|Publication number||US5157505 A|
|Application number||US 07/464,197|
|Publication date||Oct 20, 1992|
|Filing date||Jan 12, 1990|
|Priority date||Jan 25, 1989|
|Publication number||07464197, 464197, US 5157505 A, US 5157505A, US-A-5157505, US5157505 A, US5157505A|
|Inventors||Yasuhiro Hashimoto, Koji Tagusari, Hideki Tanaka, Katsubumi Ouchi|
|Original Assignee||Hitachi, Ltd.|
|Export Citation||BiBTeX, EndNote, RefMan|
|Patent Citations (14), Referenced by (4), Classifications (20), Legal Events (6)|
|External Links: USPTO, USPTO Assignment, Espacenet|
The present invention relates to an apparatus for and method of image recording and reading, an apparatus for and method of image recording, and an apparatus for and method of image reading, such as a facsimile apparatus.
It is well known that a facsimile apparatus has a function of image recording to record an image in accordance with image data received from another apparatus through a transmission line, a function of image reading to read an image recorded from an original in order to transmit image data to another apparatus, a function of network controlling to receive and transmit information through a transmission line, and a function of modulation and demodulation to modulate information into image data and demodulate image data into information. The image recording is usually carried out by a recording head on recording paper transferred directly by a motor or indirectly through a transmission mechanism. Also, the image reading is carried out by a reading sensor to read an image while the original is being transferred using a motor.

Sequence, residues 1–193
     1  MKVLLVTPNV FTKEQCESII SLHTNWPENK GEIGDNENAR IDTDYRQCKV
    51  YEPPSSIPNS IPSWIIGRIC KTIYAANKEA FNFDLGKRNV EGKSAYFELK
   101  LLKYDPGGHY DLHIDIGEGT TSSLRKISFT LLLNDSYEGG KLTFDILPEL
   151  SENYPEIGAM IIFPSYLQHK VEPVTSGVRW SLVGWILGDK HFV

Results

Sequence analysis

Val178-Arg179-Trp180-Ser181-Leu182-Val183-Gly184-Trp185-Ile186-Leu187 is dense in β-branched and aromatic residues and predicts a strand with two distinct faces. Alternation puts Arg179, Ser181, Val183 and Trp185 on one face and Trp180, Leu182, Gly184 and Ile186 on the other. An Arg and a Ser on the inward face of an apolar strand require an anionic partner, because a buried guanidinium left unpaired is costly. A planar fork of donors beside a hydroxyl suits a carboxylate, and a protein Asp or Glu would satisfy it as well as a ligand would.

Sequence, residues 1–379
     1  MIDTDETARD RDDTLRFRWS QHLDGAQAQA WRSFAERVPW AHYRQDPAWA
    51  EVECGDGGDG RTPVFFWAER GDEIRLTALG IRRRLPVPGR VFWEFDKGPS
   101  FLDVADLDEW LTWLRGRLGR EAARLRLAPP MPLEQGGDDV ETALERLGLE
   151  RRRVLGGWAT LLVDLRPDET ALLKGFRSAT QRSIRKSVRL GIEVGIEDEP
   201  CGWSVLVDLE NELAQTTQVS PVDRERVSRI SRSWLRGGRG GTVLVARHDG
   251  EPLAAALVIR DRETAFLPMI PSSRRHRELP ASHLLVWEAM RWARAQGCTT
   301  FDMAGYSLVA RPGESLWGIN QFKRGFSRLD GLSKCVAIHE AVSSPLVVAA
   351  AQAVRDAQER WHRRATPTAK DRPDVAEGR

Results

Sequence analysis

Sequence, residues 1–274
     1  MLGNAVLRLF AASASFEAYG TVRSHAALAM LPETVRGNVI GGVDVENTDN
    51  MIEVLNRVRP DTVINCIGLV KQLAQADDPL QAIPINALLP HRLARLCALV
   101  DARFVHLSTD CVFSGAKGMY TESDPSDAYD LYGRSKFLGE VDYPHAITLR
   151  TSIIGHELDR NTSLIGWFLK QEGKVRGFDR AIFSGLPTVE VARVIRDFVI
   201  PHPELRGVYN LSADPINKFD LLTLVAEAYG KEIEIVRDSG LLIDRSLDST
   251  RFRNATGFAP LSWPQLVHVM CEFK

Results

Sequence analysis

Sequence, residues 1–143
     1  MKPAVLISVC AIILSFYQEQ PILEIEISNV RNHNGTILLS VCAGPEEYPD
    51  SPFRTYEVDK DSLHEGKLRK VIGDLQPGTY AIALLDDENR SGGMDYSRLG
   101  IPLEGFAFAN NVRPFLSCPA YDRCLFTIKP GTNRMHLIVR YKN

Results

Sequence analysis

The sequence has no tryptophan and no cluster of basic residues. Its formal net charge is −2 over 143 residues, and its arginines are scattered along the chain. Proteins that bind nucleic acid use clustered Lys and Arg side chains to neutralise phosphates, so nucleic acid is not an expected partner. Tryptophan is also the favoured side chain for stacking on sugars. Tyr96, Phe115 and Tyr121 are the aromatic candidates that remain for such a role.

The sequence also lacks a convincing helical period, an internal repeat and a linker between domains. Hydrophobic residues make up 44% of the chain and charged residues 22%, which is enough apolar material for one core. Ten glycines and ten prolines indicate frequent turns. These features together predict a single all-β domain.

Conventionally, the image recording by an apparatus of this type is controlled by matching the output timing of a driving signal for a motor for the transfer of a recording paper with that of a driving signal for recording which is supplied to a recording head in accordance with the image data. However, in the case of such a controlling operation, a problem that recording is started at a position ahead of the proper position where the recording should actually be made arises because of influences caused by delays in starting the motor and in the transmission system and elsewhere in the apparatus. Particularly, in the case of a solid recording, a striped pattern having dark and light lines is recorded in the direction of the main scanning (the transverse direction transverse to the direction of movement of a recording paper), and in some cases, white striped lines (linear blanks) appear. This kind of problem also occurs in image reading. In other words, when an image recorded on an original is read, a different image from the actual one is read because of influences caused by delays on starting a motor for the transfer of the original and in the transmission system and elsewhere in the apparatus.
In connection with the above-mentioned problem, it has been known to prevent the occurrence of blanks in facsimile apparatus, particularly, one using a method of thermal image recording. In Japanese Laid-Open Patent No. 39272/1988, a technique to record the same data twice at the same position at the time of receiving the data is disclosed as a method to prevent the above-mentioned blank spaces.